For children who struggle with meltdowns, self-regulation is an important skill in managing overstimulation, intense emotions, and sensory dysregulation. Lyons writes, “Self-management for toddlers with autism looks different than self-management for older children, adolescents, and adults.
For older children, self-management is sometimes defined as teaching children to self-monitor, self-evaluate and discriminate their behaviors, and finally self-reinforce. Self-management strategies may lead to improved generalization of skills, as well as improved self-regulation, such as increased independence (i.e., less dependent on prompts by adults) and decreased challenging behavior.” (Lyons, Pivotal Response Treatment) While working on self-regulation, children will begin to learn how to identify triggers and form age-appropriate coping skills to handle charged situations.
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In addition, children will build a skill set complementary to gaining more independence. Children will learn how to meet and identify their needs including activities of daily living, self-soothing techniques, and gaining insight into their thoughts and behaviors.
What kind of child exhibits behavioral changes from treatment?
Like any therapy, some children take to PRT while other children find other therapies more useful. Children who are most likely to experience behavioral changes are those who practice it frequently. PRT is considered a lifestyle treatment which means that it needs to be practiced 25 hours a week or more to be successful and requires integration into everyday life. Due to its naturalistic approach, many parents and caregivers find PRT easier to facilitate at home than other therapies.
When they were asked why they believe PRT is an effective therapy for so many children, Dr. Koegel and Dr. Koegel said, “Because PRT works with each child’s natural motivations and stresses functional communication over rote learning, this comprehensive model helps children develop skills they can really use. With this timely resource, educators, therapists, and parents can support children with autism as they enjoy more positive interactions, more effective communication, and higher academic achievement in natural, inclusive settings.” (Koegel & Koegel, 2006)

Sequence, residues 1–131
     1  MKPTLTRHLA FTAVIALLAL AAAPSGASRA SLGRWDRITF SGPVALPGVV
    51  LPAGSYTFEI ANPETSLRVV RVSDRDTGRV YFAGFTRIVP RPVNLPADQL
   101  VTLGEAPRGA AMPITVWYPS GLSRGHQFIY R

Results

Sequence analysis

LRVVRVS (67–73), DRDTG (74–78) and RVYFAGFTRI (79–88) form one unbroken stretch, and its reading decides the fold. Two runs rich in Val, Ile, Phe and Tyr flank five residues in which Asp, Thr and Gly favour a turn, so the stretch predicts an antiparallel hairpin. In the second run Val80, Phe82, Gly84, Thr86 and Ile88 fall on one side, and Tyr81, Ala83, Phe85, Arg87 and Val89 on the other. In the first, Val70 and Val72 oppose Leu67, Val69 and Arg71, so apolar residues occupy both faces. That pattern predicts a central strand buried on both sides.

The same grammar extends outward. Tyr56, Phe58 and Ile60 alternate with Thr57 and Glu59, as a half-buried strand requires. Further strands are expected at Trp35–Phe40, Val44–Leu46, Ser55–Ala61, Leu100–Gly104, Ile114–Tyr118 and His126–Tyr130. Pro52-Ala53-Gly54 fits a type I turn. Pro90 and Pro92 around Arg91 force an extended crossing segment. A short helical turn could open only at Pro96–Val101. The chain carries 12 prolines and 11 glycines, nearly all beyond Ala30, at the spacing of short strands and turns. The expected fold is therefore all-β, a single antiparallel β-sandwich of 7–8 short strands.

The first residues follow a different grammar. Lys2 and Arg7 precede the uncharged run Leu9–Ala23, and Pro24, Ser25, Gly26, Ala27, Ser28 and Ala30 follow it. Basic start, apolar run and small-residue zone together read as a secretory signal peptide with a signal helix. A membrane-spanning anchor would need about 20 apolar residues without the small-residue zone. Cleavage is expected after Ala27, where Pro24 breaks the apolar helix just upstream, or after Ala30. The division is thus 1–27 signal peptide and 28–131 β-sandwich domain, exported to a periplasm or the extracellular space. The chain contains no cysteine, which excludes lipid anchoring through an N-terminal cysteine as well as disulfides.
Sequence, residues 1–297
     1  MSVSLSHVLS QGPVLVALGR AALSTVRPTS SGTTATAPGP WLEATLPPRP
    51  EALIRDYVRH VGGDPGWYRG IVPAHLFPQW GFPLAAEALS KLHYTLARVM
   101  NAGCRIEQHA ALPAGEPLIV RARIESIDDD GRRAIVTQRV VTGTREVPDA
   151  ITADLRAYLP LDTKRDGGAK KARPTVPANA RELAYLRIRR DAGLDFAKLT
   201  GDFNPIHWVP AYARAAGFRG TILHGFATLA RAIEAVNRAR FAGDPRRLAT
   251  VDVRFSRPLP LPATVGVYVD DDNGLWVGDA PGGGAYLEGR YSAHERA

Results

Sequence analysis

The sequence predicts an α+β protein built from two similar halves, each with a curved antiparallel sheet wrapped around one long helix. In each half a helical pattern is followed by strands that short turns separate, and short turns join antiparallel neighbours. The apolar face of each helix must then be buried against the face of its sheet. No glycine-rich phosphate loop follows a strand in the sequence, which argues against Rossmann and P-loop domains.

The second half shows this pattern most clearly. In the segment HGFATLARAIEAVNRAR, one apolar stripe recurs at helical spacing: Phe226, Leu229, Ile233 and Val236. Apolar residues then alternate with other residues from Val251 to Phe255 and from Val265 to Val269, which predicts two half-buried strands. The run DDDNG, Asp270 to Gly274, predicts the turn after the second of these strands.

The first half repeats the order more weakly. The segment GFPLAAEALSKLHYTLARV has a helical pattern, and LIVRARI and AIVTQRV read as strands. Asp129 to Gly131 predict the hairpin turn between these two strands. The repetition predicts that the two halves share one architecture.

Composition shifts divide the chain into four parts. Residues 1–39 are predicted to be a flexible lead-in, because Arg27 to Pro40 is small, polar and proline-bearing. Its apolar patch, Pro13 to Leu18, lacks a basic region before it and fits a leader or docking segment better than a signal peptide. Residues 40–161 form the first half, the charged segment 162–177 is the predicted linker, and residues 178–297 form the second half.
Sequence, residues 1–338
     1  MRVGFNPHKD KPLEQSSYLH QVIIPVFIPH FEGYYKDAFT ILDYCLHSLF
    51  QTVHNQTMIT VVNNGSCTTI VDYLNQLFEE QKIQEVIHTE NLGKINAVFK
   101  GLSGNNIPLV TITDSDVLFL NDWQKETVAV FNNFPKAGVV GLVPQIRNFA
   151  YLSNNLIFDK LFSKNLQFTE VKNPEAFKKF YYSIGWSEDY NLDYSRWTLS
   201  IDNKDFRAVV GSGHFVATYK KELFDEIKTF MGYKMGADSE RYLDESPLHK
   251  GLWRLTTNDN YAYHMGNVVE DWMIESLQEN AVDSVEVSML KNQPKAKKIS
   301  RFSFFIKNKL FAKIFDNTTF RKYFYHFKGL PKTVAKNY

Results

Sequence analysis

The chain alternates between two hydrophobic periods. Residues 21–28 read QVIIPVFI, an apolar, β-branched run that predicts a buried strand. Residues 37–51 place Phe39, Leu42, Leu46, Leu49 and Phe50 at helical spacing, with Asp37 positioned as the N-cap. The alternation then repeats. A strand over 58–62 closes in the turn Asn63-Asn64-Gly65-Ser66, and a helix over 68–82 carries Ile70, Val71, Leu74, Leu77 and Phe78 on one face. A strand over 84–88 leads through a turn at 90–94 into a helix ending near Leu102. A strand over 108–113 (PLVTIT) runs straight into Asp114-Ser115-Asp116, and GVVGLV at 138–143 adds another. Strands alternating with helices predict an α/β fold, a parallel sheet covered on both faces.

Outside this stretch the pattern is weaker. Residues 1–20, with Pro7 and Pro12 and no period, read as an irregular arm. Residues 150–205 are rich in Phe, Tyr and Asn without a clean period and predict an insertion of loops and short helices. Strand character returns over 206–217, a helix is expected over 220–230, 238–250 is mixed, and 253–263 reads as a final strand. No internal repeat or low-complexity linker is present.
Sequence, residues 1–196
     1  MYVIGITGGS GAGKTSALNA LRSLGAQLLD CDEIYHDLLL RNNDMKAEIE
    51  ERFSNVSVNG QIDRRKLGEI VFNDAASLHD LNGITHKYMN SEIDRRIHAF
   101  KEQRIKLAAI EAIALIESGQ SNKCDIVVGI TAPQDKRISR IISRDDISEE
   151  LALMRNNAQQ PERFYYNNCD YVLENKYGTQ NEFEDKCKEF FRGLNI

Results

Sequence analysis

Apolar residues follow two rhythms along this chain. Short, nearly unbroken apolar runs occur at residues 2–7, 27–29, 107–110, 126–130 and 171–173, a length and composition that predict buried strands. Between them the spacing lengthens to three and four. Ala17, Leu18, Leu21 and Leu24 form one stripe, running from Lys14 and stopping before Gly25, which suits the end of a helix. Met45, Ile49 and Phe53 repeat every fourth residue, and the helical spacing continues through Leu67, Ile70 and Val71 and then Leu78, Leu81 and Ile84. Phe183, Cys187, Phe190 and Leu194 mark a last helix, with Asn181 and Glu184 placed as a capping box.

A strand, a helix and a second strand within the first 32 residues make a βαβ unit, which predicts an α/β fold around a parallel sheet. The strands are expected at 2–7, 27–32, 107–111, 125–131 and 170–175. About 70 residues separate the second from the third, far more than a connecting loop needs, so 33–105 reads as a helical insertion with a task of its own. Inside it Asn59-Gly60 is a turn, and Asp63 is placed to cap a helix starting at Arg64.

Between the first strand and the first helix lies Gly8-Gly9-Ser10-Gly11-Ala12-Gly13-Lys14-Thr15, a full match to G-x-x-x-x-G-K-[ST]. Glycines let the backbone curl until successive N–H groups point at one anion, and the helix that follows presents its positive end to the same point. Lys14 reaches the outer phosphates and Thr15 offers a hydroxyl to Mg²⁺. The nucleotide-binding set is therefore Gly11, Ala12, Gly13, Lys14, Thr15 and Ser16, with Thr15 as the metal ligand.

What is a typical Pivotal Response Training session like?
Due to the naturalistic nature of PRT, sessions are conducted in settings children are familiar with and interact with daily. By incorporating a variety of locations, such as school, home, the park, extracurricular activities, etc., children will gain the confidence to practice PRT skills in many different settings and situations. Including people, your child regularly interacts with his/her sessions is also important. Your child’s therapists, teachers, parents, friends, and siblings can all participate in PRT.
Maintaining different people and places in your child’s PRT therapy will give your child the opportunity to learn how each of the four skills can be applied to the various aspects of his/her life. For example, your child’s teacher might help your child respond to multiple cues while giving verbal directions, or your child’s sibling might help him/her build skills to initiate social interactions by welcoming him/her to join in playing. The application of consistent PRT therapy across multiple areas of your child’s life is crucial to reinforcing PRT and helping your child hone the skills he/she is learning.
What are the goals of Pivotal Response Training?